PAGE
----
I cannot see any cons of the boox except that there is no clear road map to go into specific topic. For example, I am interested in multiple view geometry only (Trifocal tensor and above), I cannot figure out what I should read and what I can skip. I have to figure my way through.
After all, the best in the subject. Recommended.
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1 of 1 people found the following review helpful By acm on April 22, 2012
Format: Paperback Verified Purchase
Very good book, theoretical basics well explained for key applictinos to 3D computer vision. A must for 3D computer vision engineers and researchers
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2 of 3 people found the following review helpful By Homer on September 20, 2012
Format: Paperback
This book should be considered as the essentially the bible for anybody working on the 3D surface reconstruction from 2D images. After I read through the book for the first time 5 years ago, I have revisit some chapters numerous times and each time I had a more deeper understanding on this particular topic.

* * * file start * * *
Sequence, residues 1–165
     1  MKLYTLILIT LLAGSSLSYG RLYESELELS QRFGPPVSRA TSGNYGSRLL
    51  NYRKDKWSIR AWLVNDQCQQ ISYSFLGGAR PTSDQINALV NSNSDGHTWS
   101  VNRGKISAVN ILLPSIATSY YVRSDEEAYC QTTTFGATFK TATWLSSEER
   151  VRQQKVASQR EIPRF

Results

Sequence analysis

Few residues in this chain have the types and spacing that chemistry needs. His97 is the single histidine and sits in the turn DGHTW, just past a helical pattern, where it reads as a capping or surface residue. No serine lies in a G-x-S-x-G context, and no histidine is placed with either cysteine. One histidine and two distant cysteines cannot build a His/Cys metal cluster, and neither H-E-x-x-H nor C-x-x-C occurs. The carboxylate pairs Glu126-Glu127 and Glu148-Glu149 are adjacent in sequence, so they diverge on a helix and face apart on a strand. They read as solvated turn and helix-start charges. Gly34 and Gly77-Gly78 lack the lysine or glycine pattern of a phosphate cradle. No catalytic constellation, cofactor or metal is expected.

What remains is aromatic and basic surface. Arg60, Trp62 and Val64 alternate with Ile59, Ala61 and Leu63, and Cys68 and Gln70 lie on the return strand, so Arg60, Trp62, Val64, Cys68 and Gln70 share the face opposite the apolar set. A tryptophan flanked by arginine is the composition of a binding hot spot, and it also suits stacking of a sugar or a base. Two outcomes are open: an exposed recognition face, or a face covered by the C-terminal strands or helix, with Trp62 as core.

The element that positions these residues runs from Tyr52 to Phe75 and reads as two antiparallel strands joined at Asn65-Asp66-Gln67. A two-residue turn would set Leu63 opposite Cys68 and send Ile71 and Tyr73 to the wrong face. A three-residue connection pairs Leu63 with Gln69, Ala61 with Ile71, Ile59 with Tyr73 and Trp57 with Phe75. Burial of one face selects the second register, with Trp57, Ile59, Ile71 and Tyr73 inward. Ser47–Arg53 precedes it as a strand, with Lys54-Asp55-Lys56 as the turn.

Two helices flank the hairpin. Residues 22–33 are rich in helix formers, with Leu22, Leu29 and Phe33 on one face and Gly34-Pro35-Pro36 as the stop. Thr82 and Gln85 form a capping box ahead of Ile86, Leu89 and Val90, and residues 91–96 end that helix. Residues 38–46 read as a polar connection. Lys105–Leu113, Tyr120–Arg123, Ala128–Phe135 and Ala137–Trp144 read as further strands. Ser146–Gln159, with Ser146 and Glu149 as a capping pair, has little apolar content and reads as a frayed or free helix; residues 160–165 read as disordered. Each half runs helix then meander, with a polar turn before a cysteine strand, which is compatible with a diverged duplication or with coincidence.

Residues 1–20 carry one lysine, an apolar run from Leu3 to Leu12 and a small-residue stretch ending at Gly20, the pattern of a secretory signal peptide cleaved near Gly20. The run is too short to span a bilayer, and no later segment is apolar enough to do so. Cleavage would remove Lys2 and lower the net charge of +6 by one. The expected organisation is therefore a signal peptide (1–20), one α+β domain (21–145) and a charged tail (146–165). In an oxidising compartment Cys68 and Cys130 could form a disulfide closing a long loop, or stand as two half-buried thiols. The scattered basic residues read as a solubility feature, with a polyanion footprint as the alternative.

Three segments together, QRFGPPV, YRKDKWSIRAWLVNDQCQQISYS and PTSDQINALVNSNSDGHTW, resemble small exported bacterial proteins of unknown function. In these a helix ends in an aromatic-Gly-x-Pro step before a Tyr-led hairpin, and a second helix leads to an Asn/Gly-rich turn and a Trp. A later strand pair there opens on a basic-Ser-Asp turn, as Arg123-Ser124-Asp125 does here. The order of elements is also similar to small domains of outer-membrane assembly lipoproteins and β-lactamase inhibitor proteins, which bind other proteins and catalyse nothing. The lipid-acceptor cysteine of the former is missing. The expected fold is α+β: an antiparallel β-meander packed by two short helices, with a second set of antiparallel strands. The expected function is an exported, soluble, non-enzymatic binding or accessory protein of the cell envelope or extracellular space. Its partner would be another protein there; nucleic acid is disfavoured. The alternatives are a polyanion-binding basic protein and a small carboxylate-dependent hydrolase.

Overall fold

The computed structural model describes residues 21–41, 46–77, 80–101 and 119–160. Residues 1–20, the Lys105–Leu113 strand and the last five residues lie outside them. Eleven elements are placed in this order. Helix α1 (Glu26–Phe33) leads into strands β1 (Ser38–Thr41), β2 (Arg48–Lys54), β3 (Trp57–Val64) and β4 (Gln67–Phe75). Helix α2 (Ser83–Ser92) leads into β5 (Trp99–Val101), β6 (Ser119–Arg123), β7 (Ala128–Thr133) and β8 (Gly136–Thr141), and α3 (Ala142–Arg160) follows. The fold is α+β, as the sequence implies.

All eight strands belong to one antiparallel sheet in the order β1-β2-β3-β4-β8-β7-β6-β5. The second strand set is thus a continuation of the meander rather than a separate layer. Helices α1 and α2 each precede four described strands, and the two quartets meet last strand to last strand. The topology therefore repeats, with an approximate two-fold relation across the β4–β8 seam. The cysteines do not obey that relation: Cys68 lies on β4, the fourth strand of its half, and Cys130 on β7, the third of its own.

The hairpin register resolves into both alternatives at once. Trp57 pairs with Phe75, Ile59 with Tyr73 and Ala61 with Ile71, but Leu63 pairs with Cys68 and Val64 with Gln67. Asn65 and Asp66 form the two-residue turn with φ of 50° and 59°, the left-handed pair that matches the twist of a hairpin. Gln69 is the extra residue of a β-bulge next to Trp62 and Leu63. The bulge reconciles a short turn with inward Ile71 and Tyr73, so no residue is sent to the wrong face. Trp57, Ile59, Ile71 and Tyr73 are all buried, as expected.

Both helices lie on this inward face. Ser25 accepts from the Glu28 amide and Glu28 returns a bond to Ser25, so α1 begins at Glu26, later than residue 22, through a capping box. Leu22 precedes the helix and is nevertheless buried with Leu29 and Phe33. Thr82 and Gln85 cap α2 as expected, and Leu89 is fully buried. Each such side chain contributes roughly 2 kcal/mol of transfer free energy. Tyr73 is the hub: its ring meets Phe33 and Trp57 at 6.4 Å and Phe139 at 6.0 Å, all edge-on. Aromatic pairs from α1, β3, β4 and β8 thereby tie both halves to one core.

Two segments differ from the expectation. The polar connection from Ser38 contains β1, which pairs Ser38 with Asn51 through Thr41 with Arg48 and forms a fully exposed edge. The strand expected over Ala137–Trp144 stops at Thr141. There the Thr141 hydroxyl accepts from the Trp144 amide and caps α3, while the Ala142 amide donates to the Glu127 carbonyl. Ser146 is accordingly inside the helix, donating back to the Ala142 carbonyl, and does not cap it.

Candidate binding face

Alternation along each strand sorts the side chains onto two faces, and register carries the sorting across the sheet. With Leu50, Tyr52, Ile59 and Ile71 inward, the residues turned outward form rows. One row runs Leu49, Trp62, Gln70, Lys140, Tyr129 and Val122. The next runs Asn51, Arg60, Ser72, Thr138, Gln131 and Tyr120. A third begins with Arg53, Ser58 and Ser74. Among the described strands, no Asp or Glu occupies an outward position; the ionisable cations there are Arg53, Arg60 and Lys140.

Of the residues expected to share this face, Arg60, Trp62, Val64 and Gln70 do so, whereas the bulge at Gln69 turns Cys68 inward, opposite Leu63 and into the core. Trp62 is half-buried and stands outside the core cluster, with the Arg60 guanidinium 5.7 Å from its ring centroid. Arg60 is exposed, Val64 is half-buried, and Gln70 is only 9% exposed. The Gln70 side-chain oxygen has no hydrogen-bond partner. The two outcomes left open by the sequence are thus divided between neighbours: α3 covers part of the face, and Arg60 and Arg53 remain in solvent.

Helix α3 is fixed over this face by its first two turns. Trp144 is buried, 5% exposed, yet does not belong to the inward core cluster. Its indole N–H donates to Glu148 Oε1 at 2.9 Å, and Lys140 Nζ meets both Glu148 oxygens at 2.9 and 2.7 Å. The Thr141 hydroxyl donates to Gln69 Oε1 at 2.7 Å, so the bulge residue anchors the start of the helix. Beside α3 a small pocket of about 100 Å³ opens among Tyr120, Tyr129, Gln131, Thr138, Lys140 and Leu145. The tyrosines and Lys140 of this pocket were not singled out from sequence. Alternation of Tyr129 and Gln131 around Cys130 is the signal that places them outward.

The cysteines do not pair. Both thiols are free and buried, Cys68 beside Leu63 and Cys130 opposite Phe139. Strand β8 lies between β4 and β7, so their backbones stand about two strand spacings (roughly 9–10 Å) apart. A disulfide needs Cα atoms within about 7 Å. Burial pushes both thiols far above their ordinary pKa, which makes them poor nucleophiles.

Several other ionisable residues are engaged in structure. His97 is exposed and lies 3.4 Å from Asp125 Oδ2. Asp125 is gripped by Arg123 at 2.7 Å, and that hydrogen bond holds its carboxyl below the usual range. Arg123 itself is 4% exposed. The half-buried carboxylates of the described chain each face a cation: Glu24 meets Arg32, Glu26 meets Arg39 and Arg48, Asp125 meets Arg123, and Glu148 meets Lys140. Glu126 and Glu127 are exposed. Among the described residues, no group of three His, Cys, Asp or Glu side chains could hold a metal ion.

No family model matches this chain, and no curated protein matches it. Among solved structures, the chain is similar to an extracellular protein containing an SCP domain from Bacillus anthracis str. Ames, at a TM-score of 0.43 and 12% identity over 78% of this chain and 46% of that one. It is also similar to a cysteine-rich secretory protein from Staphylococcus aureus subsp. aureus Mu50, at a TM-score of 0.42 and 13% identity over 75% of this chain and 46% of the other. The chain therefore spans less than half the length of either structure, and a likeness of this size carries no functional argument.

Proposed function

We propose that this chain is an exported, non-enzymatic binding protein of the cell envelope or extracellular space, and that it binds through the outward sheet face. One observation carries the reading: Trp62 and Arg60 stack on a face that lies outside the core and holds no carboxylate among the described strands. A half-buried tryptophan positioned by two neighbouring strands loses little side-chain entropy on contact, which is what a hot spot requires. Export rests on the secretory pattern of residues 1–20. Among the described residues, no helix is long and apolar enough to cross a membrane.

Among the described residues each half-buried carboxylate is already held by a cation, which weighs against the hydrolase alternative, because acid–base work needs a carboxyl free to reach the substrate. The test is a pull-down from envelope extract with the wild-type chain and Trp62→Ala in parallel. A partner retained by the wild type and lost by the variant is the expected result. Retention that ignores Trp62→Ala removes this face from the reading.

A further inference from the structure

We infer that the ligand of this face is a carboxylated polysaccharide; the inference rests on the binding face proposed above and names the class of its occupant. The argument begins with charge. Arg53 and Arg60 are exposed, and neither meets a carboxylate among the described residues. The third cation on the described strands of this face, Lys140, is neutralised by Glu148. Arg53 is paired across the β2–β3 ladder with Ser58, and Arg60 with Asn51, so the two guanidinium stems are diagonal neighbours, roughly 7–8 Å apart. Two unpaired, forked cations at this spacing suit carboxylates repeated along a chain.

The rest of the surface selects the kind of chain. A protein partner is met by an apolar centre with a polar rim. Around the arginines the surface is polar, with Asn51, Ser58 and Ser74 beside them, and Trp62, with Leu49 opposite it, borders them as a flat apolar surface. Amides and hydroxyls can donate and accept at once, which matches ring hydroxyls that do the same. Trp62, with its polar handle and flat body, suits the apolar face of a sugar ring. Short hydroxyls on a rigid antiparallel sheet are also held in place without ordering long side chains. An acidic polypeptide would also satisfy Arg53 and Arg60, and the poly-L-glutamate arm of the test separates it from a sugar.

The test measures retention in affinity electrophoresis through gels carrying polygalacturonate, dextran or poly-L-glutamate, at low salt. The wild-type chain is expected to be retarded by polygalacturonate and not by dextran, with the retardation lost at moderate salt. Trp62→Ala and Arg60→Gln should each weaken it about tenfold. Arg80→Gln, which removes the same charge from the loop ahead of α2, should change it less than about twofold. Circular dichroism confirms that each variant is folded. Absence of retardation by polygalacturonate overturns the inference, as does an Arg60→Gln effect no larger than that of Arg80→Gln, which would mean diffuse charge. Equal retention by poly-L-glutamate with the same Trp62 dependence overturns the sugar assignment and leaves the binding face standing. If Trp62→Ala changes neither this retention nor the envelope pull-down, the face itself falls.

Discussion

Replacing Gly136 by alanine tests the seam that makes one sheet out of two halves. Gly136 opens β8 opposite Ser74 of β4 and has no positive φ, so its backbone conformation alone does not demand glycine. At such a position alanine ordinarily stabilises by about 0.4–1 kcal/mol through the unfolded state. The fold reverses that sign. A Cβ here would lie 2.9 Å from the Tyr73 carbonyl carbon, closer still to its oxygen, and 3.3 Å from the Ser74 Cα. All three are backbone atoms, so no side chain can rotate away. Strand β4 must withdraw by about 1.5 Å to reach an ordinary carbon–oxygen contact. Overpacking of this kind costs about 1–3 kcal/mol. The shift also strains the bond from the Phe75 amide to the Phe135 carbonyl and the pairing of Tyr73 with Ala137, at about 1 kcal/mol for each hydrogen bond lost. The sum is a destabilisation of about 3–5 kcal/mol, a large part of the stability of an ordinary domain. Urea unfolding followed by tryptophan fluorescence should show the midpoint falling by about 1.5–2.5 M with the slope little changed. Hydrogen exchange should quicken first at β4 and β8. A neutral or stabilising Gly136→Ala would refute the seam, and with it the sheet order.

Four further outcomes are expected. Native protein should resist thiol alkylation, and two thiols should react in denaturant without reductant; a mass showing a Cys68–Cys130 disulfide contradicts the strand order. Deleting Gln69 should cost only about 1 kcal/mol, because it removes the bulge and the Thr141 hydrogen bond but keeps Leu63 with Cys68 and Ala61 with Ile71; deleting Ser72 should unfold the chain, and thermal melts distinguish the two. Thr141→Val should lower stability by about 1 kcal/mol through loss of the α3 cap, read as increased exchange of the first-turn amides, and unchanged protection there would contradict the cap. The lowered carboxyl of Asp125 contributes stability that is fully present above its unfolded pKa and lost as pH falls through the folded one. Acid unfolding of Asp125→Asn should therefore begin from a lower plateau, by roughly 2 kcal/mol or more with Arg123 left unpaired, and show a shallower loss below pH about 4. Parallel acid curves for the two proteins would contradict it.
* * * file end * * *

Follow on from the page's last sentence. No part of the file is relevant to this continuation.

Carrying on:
When I began working on 3D surface reconstruction 5 years ago, I had close to zero background on stereophotogrammetry, or even in projective geometry, however I had good background in linear algebra, image processing using matlab, and Engineering. It was painful to read through the book the first time because 1) I had very little background of the particular topic, 2) like one of the other reviewer said: " this book just seems more focused on providing complete proofs than giving you a feel for how you would approach a real problem". But later on when I had more deeper knowledge of this research field, I have to disagree with that comments. There are significant amount of algorithms presented in this book. When I finished reading the book the first time, I was frustrated because I am not very clear on where is a practical solution for the problem. Then I read some other books such as Introductory Techniques for 3-D Computer Vision. That book is a good start and did help me making a better understanding of the 3D surface reconstruction techniques. But it doesn't cover the research topic thoroughly like Hartley and Zisserman's book on stereophotogrammetry. It is very important to follow through the proofs to obtain a clear picture of solving problems and implementing algorithms presented in Hartley and Zisserman's book.

And this book provides clear and easily implemented algorithms in both matlab and C++ (with help from open source libraries such as openCV).